• (6g) whole Guntur Sannam Chillies
  • ½ cup filtered water
  • One 2-inch piece dasima or kombu (optional)
  • 2 tablespoons sweet rice flour
  • 2 tablespoons fish sauce
  • 2 teaspoons soy sauce
  • 2 large cloves garlic, finely grated
  • ½-inch fresh ginger, peeled and finely grated
  • 4 ounces garlic chives or 6 scallions, cut into 1-inch pieces


  1. Cut the head of cabbage in half lengthwise and then cut each half into thirds, making sure some of the root end is attached to each piece. Rinse each cabbage wedge under cold water and then shake dry. Sprinkle ⅓ cup salt on the cabbage, making sure to get it between the leaves of each piece, place them in a large bowl and then add cold water until the cabbage is just barely covered. Place a large plate on top of the cabbage to keep them submerged and allow to sit for 4 to 6 hours.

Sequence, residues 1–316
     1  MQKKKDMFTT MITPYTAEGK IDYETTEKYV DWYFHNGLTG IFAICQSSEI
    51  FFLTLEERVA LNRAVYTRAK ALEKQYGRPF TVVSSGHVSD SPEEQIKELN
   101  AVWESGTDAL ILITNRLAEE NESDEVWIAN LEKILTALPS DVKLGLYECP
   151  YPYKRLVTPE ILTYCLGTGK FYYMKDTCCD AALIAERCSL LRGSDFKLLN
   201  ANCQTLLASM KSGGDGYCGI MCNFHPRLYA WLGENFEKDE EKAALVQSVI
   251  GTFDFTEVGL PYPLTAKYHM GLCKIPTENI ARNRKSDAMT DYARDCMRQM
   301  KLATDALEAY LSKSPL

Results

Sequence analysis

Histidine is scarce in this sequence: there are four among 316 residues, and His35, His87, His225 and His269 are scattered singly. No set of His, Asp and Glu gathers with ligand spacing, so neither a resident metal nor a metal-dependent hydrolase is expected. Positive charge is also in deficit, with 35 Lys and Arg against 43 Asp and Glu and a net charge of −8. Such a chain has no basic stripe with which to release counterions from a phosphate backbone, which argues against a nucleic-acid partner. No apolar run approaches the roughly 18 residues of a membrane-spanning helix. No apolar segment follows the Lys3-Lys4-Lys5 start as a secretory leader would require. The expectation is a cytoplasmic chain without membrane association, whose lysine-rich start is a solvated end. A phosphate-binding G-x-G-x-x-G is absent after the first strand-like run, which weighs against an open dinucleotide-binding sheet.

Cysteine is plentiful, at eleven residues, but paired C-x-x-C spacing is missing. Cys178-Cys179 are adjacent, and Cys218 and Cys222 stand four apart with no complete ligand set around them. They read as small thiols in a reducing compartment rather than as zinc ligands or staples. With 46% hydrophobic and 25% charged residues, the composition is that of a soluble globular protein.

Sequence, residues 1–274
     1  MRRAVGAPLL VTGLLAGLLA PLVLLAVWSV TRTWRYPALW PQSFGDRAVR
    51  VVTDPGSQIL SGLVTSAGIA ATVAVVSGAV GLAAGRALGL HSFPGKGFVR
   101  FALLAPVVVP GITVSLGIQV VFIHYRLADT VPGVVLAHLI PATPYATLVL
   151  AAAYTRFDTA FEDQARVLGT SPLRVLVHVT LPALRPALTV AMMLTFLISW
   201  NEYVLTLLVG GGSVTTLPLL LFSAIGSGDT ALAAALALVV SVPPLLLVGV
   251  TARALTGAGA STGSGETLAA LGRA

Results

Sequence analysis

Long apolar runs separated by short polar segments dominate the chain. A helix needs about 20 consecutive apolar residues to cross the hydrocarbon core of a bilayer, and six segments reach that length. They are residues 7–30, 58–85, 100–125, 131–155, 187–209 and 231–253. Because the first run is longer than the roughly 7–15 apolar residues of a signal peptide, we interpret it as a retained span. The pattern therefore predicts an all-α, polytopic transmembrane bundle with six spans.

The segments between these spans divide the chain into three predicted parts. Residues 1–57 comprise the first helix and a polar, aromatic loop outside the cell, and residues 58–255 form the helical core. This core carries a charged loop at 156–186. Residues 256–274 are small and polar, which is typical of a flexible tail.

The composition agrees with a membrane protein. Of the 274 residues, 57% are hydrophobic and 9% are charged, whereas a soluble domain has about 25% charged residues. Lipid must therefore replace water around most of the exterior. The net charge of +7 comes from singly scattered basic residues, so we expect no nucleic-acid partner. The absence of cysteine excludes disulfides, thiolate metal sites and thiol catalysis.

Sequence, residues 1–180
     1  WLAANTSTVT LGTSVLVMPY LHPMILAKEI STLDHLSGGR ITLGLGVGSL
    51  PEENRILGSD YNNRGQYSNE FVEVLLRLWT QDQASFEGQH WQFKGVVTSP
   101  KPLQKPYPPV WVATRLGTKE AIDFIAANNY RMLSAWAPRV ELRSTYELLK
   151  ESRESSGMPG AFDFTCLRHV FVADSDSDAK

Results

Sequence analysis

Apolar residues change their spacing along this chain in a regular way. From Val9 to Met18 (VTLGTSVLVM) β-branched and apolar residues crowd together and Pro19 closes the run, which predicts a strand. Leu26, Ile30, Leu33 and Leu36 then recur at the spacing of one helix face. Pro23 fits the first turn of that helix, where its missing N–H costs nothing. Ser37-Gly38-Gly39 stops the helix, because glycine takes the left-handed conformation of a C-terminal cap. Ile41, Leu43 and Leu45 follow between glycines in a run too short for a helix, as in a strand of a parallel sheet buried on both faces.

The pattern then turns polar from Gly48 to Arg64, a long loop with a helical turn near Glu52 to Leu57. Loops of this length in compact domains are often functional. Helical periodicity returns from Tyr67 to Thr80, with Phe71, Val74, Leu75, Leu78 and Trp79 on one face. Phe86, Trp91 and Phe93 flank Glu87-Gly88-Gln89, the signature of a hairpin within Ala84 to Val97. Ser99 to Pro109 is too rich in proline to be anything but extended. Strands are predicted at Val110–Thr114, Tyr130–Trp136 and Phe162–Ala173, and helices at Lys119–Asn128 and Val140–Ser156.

2. To prepare the chillies, break off the stems, and grind them, using a spice grinder, into a medium fine powder. (It should be about 5 tablespoons of ground chillies total.) Set aside.
  3. 1 hour before starting to assemble the kimchi, place the carrots and radishes in a medium bowl, sprinkle with the remaining 1 tablespoon salt, and massage into the vegetables. Let stand for 1 hour, then gently squeeze the vegetables, discarding all of the salty liquid that’s accumulated.
  4. About 40 minutes before starting to assemble the kimchi, make the kimchi seasoning paste. Place ½ cup water and daisima, if using, in a small saucepan over medium high heat and bring to a boil. Reduce the heat to medium and whisk in the sweet rice flour, stirring until it is smooth and thick with no lumps, about 1 minute. Remove from the heat, whisk in the reserved ground chillies, and allow to sit for 30 minutes. When cool, stir in the fish sauce, soy sauce, garlic, and ginger. Set aside.